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Jin A Choi, Man-Soo Kim; Progression of Keratoconus by Longitudinal Assessment with Corneal Topography. Invest. Ophthalmol. Vis. Sci. 2012;53(2):927-935. https://doi.org/10.1167/iovs.11-8118.
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To investigate the longitudinal changes in corneal topographic indices over time in patients with mild keratoconus (KC) and to determine predictive factors for the increase in corneal curvature.
The authors retrospectively reviewed the data of 94 eyes of patients with mild KC who had undergone computerized videokeratography (Orbscan IIz; Bausch & Lomb Surgical, Rochester, NY) at least twice at an interval of ≥1 year. Patients with an increase of ≥1.50 diopters (D) in the central keratometry (K) were placed in the progression group, and the others were placed in the nonprogression group. In each group, the quantitative topographic parameters were compared and tested as predictive factors for KC progression. Additionally, corneal astigmatic changes were evaluated by means of vector analysis.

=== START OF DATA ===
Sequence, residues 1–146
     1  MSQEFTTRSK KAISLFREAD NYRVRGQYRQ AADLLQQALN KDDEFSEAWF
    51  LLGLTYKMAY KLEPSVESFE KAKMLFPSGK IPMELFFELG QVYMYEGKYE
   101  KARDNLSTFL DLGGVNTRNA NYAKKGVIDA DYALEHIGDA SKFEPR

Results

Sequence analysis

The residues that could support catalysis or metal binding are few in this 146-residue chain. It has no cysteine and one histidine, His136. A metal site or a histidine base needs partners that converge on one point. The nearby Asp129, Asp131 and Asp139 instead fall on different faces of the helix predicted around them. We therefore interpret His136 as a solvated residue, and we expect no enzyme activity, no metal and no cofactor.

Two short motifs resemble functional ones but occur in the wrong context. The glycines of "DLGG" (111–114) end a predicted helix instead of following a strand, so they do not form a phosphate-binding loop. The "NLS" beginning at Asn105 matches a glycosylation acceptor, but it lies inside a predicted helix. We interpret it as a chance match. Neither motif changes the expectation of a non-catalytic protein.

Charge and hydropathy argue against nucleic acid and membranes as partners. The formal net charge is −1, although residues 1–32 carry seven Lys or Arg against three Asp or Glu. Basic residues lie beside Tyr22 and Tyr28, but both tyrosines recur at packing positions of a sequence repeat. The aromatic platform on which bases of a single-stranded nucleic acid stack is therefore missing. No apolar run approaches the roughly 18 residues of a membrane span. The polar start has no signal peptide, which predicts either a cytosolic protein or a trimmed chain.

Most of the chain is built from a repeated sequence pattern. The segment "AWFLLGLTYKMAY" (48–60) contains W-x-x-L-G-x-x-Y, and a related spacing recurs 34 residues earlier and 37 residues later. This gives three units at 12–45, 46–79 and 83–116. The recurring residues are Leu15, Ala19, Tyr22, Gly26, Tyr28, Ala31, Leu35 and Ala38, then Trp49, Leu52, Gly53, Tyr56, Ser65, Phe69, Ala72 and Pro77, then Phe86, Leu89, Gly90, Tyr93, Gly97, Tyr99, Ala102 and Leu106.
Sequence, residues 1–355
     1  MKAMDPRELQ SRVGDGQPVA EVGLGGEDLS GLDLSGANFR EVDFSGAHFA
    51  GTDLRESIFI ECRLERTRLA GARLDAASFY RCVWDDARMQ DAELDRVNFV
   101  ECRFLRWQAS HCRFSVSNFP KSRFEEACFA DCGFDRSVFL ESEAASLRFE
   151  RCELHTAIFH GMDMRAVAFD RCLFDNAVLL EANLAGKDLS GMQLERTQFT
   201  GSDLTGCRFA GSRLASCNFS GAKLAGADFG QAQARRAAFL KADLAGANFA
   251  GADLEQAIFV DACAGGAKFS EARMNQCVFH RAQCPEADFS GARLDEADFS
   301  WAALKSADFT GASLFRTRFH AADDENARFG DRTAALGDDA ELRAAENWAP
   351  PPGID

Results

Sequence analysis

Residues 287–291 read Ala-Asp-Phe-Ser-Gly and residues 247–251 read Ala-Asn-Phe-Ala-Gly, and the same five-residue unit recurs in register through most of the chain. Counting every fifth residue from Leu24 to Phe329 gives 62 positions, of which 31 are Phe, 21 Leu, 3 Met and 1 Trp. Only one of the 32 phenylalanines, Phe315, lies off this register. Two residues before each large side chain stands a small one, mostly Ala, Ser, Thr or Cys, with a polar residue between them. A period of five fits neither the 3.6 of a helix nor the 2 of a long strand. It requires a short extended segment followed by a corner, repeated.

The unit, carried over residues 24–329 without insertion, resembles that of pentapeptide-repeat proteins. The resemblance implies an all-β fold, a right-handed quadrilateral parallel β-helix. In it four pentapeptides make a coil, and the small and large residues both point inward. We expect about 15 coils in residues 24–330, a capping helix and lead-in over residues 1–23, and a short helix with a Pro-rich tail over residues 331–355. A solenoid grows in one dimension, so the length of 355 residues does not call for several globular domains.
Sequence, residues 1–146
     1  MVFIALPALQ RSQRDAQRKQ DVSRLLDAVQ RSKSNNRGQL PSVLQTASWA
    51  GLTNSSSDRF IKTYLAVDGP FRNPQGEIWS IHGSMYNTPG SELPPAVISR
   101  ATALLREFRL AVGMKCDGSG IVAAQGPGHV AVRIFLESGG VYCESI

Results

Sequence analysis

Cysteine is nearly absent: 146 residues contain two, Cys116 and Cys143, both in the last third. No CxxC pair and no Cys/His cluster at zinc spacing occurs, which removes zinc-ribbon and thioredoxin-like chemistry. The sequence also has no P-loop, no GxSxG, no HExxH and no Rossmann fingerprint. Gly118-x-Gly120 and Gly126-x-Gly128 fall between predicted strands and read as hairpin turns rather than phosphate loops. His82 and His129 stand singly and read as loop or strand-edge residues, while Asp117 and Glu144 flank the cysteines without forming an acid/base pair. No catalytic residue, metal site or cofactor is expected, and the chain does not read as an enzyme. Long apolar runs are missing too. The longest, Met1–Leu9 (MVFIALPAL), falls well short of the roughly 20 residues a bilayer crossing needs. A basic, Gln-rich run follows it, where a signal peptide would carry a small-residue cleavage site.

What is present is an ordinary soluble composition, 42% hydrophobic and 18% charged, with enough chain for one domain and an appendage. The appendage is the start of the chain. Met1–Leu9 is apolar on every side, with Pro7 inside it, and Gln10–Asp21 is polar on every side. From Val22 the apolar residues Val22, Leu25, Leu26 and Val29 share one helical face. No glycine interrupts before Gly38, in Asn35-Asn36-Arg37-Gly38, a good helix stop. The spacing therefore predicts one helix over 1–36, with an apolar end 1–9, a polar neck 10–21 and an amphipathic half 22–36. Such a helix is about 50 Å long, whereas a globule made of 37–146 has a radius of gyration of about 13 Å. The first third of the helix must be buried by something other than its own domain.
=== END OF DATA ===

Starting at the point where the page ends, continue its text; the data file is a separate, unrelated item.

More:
In total, 94 eyes of 85 patients were included. Twenty-five of 94 (26.5%) eyes showed progression of the central K ≥1.50 D; progression took 3.5 years on average. Median time to progression by Kaplan-Meier analysis was 12 years. Significant predictors for KC progression were as follows: highest point on the anterior elevation from the anterior best-fit sphere (BFS), ≥0.04 mm; irregularity index at 3 mm, ≥6.5 D; irregularity index at 5 mm, ≥6.0 D; thinnest pachymetry, <350 μm at baseline examination; yearly change rate of anterior BFS, ≥0.1 D/y; central K, ≥0.1 D/y; simulated K in maximum, ≥0.15 D/y; simulated K in minimum, ≥0.2 D/y; and anterior chamber depth, ≥0.0 mm/y. The dominant with-the-rule pattern of astigmatism at the baseline examination was changed to an oblique pattern of astigmatism at the last examination.
Mild KC tended to be progressive in approximately 25% of patients, and progression lasted 3.5 years on average. Longitudinal changes in the corneal topography quantitative indices can be used as predictors of KC progression.
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